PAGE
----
Only your dentist can tell you for sure whether, and how, the attrition should be treated. Sometimes the dentist will take photographs showing the extent of the wear, and monitor a particular landmark (e.g. the tip of a canine tooth) at checkups. Stone casts of the teeth may also be used. If treatment is recommended, it will probably involve one or more of the following options: crowns; inlays; equilibration (adjusting the way teeth fit together); fillings; core buildups; occlusal guards; onlays; orthodontic treatment. Other treatment may be recommended.

Last updated: 12/29/2013

Attrition (wear of the teeth) is often a sign of – or accompanied by – other dental health problems. Among these are bruxism, cracked or chipped teeth, lost vertical dimension of occlusion, malocclusion, primary occlusal trauma, and temporomandibular joint dysfunction (TMJ).

Last updated: 12/29/2013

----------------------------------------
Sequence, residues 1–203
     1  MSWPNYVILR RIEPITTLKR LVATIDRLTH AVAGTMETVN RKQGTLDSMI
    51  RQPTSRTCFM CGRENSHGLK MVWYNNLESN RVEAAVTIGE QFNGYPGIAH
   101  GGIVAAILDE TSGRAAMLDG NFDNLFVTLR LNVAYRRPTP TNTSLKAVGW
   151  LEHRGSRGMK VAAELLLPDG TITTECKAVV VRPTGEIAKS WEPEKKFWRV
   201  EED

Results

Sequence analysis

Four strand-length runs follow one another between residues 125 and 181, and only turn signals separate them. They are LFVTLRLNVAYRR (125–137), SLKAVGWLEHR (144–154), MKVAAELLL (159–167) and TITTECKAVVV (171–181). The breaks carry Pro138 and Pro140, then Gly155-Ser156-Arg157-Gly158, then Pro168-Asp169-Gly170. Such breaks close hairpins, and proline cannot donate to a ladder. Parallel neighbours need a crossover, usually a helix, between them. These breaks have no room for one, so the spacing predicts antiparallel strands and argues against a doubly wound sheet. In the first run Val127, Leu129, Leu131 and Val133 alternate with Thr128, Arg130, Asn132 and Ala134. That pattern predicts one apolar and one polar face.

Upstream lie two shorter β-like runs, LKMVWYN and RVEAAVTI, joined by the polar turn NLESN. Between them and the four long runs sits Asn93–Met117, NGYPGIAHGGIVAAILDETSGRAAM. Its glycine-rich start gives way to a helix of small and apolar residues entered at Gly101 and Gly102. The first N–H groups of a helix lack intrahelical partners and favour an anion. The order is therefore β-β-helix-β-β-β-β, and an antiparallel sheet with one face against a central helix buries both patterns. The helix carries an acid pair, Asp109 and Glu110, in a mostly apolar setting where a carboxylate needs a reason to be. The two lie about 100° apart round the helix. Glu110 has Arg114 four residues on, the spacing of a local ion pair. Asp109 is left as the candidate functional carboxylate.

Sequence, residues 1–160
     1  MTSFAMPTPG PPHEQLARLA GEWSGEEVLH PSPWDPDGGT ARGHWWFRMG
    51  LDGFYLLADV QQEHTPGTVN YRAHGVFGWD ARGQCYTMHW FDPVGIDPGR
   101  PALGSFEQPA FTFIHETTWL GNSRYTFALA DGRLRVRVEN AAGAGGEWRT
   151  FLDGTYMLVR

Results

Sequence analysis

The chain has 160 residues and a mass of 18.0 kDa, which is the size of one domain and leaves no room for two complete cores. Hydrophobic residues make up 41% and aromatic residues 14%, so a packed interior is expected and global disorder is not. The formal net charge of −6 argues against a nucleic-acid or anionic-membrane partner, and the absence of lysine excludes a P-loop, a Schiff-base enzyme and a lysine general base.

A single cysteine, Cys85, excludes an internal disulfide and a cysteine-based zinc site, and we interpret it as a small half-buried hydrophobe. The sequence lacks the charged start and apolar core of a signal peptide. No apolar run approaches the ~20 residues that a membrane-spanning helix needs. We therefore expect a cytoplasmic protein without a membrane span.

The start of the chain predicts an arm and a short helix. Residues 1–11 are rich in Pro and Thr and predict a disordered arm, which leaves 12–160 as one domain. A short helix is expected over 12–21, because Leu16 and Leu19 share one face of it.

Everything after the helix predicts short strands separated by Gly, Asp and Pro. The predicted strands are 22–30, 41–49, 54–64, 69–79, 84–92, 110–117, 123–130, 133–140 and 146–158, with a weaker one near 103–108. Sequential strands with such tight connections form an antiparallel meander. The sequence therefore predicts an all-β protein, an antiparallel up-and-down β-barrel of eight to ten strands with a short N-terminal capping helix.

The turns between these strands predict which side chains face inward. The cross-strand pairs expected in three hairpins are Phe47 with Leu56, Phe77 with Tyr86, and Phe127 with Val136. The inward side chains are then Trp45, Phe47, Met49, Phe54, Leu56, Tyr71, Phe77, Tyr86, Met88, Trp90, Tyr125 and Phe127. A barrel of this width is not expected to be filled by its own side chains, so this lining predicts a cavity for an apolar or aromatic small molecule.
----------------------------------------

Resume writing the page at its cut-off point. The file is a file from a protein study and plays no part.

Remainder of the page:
This page contains links to external websites. Full-text articles are linked to, when available. Some links lead to content requiring payment. ToothIQ is not compensated by the organizations or authors whose articles are linked to. The links are intended only as a means of ToothIQ users to learn more about topics related to dental diagnoses and procedures.
Background information

The following articles are intended to provide you with background information on the topic. These articles may or may not influence your decisions about care.

The treatment of painful temporomandibular joint clicking with oral splints—A randomized clinical trial
Conti, Paulo Cesar Rodrigues, DDS, et al.
The Journal of the American Dental Association
2006 137 (8): 1108-1114

Minimally invasive dentistry
Murdoch-Kinch, Carol Anne, DDS, PhD, and McLean, Mary Ellen, DDS
The Journal of the American Dental Association
2003 134: 87-95

McCubbin, James, BDS
The Journal of the American Dental Association
2002 133 (6): 690-691

Examining the prevalence and characteristics of abfractionlike cervical lesions in a population of U.S. veterans